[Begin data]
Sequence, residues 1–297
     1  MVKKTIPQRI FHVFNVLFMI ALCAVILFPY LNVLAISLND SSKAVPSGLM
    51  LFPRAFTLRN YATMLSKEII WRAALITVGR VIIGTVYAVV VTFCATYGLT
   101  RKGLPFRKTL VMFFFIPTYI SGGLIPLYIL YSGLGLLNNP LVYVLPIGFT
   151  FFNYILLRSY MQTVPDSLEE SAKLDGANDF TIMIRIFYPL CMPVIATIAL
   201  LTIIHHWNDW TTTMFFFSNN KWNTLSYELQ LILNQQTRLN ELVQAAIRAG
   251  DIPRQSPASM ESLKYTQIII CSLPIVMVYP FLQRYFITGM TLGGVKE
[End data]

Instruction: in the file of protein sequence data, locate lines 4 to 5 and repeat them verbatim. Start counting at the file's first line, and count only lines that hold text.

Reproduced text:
   101  RKGLPFRKTL VMFFFIPTYI SGGLIPLYIL YSGLGLLNNP LVYVLPIGFT
   151  FFNYILLRSY MQTVPDSLEE SAKLDGANDF TIMIRIFYPL CMPVIATIAL